Kath McClellan has just arrived in Blue Plum, Tennessee for the funeral of her beloved grandmother, Ivy. Ivy owned a fiber and fabric shop named The Weaver's Cat. The shop, along with Ivy's house, were bequeathed to Kath upon her grandmother's death. Only Kath soon finds out that there is a problem: the house isn't hers. Ivy deeded it to Emmett, a shady character in Blue Plum that nobody liked. But Emmett is dead, murdered; and Cole Dunbar, Deputy, has suggested to Kath that her grandmother poisoned him. What's worse, the house has passed on to Emmett's son Max, and he has changed the locks so that Kath can't retrieve any of her grandmother's belongings; which she needs to do soon, because Max is renting the house out in a few days.
None of this, of course, makes any sense to Kath, and when she goes to her grandmother's attorney, Homer, to find out about it, he knows nothing about the house being transferred. His advice is sound: let him handle it. After all, he was her grandmother's attorney, and he can find out information better than she can.
She agrees, yet still wants to know what happened, and why. So, she sets out to do some sleuthing on her own. With no place to go, she is offered temporary housing by Homer's wife Ruth, and finds that she has unexpected help: the ghost-in-residence that she (nor anyone else) knew lived in the cottage. The only downside to this is that she is the only one who can see and hear the ghost.
The members of TGIF - Thank Goodness It's Fiber - are a group of fiber and needlework artists who meet regularly at her grandmother's (now hers) shop, and they are a colorful group of women. They stand friend to Kath as they did to her grandmother, and are willing to help her any way they can. There is Cole Dunbar, the deputy, who rubs Kath the wrong way and sees her as just an extension of "Crazy Ivy," her grandmother; and Cole's brother Joe, whom Kath at first mistakes for a burglar and only later finds out isn't, yet still has a hard time trusting.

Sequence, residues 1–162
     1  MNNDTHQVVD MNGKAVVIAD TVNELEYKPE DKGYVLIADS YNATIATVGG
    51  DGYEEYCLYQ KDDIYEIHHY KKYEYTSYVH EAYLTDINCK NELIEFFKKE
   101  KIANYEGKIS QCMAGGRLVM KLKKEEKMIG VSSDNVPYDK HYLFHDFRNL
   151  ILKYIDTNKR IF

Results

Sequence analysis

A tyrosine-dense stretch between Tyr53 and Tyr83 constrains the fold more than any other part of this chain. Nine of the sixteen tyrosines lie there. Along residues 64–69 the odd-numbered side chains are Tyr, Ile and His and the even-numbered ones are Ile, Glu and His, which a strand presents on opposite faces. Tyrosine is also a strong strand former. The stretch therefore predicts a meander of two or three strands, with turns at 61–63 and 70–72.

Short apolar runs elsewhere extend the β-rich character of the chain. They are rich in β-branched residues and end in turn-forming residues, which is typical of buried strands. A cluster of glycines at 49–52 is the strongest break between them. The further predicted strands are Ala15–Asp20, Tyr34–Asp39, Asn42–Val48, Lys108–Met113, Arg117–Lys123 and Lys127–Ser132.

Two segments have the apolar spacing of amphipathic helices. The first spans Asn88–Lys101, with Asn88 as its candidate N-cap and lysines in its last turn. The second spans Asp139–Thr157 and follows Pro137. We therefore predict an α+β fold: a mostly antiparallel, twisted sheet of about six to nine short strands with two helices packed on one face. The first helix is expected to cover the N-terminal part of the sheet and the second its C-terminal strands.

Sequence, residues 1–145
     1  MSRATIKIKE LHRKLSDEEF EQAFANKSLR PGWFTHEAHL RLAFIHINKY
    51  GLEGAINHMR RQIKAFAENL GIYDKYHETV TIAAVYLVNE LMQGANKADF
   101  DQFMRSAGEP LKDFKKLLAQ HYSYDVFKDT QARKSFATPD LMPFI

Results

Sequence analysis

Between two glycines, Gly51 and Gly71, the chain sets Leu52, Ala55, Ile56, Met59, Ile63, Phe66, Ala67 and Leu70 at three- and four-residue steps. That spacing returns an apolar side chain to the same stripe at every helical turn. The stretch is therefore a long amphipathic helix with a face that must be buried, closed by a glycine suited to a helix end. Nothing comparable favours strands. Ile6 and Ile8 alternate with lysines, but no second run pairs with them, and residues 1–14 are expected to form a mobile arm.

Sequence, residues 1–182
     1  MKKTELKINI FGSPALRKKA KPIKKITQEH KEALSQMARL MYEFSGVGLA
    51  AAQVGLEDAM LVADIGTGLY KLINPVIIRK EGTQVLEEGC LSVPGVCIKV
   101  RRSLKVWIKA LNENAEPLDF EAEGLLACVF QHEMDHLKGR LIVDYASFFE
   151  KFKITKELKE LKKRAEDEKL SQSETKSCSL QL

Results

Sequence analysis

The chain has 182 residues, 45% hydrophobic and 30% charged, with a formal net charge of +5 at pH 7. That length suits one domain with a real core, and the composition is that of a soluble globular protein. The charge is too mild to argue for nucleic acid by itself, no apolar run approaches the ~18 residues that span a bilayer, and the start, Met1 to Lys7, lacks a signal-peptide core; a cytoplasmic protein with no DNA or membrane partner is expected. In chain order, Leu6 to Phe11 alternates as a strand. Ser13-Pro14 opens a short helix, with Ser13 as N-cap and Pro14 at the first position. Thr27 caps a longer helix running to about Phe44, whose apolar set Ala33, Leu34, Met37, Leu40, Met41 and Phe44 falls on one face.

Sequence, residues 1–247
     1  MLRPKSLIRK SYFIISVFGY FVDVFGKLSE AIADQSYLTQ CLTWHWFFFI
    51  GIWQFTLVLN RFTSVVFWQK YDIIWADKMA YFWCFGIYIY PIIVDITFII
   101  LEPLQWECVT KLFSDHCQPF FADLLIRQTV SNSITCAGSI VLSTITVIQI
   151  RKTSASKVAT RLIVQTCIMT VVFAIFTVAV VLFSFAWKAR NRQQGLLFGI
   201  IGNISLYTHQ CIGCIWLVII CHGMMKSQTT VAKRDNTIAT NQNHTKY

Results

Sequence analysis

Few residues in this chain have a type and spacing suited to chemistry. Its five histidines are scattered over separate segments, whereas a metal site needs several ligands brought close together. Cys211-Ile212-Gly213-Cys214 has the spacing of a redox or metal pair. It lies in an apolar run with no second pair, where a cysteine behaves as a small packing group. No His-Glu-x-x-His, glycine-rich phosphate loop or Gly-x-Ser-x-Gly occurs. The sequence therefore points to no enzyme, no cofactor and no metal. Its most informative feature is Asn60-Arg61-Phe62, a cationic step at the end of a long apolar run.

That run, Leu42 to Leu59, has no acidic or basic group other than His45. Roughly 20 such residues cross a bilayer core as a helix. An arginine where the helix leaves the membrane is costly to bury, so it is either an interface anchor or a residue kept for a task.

I truly enjoyed this book, and liked the morose ghost, Geneva. She had a personality all her own that was different, to say the least. This was a ghost who loved television, which was a different twist on things. Quite humorous at times.
When the actual murderer was discovered, I had no clue. Indeed, there were no clues as to the identity. That, in itself, made it worth reading. I hate it when you read a book and you can figure out who the killer is within the first fifty pages or so. Not with this one, and that's a good thing.
There were times when I was angry, as was Kath; and I feel that if a book can actually make me care, then it is a good book. Too often you read a book and even though you like it, you don't find yourself feeling a lot of emotion with it. Because of this, I'm looking forward to the next one involving Kath and her friends, and it can't be too soon for me.